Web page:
When current smartphone brands talk about durability and toughness, Nokia already had models that have a longer lifespan. Nokia’s phones are known for their reliability. Perhaps that is still its strongest selling point. The new Android Nokia 6 launched this year will only be available in China that is, quite significantly, a major smartphone manufacturer and also one of the fastest-growing smartphone markets. That seems Nokia’s way of making a comeback.

Taking its mid-range Android phone to gear up the competitiveness in China’s market will certainly give other smartphone makers, including China, a run for their money. A mobile or a smartphone today is not just a phone: it has got to multi-task. After all, today’s users are tech-savvy and expect more from their smartphones, apart from an attractive physical design.

Hence, to stay in the competition, Nokia must consider more compelling features, such as better camera functions, security, longer-lasting battery power, and value-added applications. Of these, camera is the most important. See any smartphone advertisement how it flashes the camera and its configurations at the top.

Smartphone brands like the Chinese Huawei boast one of the better value-for-money ranges in the market. Huawei has partnered with Leica to boost its camera functions, which has certainly helped the brand to gain better footing in the market. Oppo, too, has made its name for affordability and sleek design to win a share of the competitive market. History has proven that nothing is impossible.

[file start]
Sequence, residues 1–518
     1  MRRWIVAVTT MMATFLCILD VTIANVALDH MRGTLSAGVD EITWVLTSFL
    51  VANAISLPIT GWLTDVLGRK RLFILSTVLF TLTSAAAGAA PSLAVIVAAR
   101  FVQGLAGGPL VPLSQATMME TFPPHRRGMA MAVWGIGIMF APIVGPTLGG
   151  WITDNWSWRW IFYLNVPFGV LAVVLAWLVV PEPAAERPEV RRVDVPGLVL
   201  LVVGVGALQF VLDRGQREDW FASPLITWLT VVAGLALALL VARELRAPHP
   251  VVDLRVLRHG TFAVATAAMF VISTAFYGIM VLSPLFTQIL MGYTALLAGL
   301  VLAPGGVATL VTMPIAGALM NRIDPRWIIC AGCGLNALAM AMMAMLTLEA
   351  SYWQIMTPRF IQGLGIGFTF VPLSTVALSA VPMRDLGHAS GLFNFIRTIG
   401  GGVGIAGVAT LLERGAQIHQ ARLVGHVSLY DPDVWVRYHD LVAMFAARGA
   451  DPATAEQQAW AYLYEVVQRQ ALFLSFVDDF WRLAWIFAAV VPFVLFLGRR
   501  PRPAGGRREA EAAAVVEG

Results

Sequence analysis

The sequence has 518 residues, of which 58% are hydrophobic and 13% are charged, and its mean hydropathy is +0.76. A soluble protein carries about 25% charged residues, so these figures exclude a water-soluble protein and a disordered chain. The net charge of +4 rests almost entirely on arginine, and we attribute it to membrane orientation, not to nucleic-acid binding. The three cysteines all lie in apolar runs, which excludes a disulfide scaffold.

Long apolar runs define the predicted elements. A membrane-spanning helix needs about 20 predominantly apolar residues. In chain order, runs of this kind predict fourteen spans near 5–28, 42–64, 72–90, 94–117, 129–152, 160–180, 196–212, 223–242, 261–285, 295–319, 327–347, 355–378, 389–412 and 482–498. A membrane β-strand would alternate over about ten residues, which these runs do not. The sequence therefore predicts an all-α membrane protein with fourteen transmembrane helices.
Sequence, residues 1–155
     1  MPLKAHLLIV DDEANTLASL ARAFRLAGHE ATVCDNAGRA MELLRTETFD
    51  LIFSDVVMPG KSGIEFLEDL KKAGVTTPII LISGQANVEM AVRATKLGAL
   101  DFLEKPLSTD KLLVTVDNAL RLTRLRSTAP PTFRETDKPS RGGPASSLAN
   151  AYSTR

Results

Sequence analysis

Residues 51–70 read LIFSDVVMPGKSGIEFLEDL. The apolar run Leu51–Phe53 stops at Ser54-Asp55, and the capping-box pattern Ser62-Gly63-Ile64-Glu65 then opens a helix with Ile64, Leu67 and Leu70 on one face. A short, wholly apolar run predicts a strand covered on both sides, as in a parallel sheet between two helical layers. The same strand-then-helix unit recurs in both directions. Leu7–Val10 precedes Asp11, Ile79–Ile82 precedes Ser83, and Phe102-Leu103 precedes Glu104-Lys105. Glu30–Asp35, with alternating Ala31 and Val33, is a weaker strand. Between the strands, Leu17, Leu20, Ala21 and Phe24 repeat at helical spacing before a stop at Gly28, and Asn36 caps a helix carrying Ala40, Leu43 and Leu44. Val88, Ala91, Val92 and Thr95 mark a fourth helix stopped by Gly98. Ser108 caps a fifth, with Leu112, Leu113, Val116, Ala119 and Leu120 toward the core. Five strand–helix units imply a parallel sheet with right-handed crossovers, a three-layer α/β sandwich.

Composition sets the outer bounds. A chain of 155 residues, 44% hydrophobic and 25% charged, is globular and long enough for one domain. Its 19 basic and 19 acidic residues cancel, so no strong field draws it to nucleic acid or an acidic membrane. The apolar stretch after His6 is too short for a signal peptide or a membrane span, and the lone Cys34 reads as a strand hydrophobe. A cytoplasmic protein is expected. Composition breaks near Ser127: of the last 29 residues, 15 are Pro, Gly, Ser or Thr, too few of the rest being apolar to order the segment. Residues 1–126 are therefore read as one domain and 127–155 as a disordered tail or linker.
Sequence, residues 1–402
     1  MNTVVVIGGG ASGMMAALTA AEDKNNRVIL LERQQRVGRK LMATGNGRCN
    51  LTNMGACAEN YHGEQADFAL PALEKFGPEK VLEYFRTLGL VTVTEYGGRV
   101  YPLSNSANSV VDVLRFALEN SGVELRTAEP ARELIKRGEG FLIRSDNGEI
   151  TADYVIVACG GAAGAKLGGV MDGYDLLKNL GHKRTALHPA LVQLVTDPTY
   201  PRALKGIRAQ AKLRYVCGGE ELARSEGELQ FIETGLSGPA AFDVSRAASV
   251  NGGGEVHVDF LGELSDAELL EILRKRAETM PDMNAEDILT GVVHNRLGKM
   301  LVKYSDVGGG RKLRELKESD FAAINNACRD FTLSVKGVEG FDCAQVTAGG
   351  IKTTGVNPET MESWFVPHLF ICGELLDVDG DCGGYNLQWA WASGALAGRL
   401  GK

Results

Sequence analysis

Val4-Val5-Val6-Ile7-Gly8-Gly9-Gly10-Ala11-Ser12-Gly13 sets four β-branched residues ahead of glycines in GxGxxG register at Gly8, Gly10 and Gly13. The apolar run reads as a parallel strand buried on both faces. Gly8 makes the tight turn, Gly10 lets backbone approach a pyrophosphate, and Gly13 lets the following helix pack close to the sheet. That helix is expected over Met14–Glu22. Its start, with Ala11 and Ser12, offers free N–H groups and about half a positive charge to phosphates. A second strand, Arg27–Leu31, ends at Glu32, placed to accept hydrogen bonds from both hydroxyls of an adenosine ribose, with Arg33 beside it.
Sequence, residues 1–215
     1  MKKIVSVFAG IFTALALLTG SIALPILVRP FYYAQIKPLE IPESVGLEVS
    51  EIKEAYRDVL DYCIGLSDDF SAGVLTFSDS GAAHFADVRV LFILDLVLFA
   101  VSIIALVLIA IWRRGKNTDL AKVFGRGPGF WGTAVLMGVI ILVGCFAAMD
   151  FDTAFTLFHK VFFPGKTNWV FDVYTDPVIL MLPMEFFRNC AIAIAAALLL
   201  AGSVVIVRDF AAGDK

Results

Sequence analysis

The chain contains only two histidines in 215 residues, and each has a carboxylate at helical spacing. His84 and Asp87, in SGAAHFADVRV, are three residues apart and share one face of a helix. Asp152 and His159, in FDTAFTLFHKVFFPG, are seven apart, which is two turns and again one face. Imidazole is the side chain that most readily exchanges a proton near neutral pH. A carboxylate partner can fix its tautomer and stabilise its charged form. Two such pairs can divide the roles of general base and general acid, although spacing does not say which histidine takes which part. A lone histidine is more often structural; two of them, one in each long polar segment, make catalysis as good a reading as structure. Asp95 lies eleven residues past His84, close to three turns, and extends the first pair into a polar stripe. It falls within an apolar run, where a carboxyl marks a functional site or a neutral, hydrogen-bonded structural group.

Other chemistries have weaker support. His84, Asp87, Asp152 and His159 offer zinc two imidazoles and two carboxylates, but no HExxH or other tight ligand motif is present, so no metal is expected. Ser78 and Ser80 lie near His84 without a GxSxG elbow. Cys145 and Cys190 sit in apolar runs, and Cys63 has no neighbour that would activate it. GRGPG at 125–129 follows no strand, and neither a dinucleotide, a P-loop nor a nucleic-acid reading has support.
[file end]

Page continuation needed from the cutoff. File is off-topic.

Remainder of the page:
In fierce competition, size does not matter. Even leaders in the smartphone market have taken several blows and are still standing. Apple had some issues after the demise of its iconic leader Steve Jobs, and Samsung was faced with an exploding battery crisis in its Galaxy Note 7. Perhaps, a lesser known fact is that Nokia has India-content at the top. Its Chairman is Risto Siilasmaa, but the President and the CEO is Rajeev Suri. The board of directors includes Vivek Badrinath.

The comeback is on the shoulders of corporate strategising. In April 2015, Nokia purchased the French communications equipment company Alcatel-Lucent for €15.6 billion. The acquisition aimed to create a stronger competitor to the rival firms Ericsson and Huawei, whom Nokia and Alcatel-Lucent had surpassed in terms of total combined revenue in 2014.

Last May, Microsoft announced the sale of the Nokia-branded featurephone division to FIH Mobile, a division of Foxconn, and HMD Global, a new company in Finland. It is this new company that is staging the comeback. Ambassador’s evolution — or lack of it – would need to be seen in this context. That context must include the snail-pace at which India’s auto market moved till “Maruti revolution” came in the mid 1980s.

India was also slow to adopt pollution-control measures. And Ambassador’s makers, enjoying immense political clout, are said to have tweaked those norms in their favour rather than wholeheartedly adopt them. It was a restricted auto market and the Ambassador’s annual output never exceeded 27,000.

Unsurprisingly, it faced a steady decline over the last couple of decades, as it faltered against the more modern yet affordable cars which were entering India en masse. Sales figures of the Ambassador hit an all-time low in 2013-2014 with around 2,200 units being sold that year. This prompted the shutdown. The manufacturing plant in its final days was producing only five units per day. With the brand's sale to the PSA Group, the chapter on one of India's greatest cars has come to an unbefitting end.

Having made an unsteady presence in the Indian market so far, after failing to collaborate either with the C K Birla Group or encashing the goodwill of people who rode Premier Padmini, the French firm, it would seem, has purchased the goodwill the Ambassador has enjoyed over decades.

One can only hope it would keep the brand name going, unlike Padmini Premier or, in a totally different market of beverages, Coca Cola ended the reign of the more popular Thums Up.

Nokia has returned. Will Amby, too, return in a new avatar?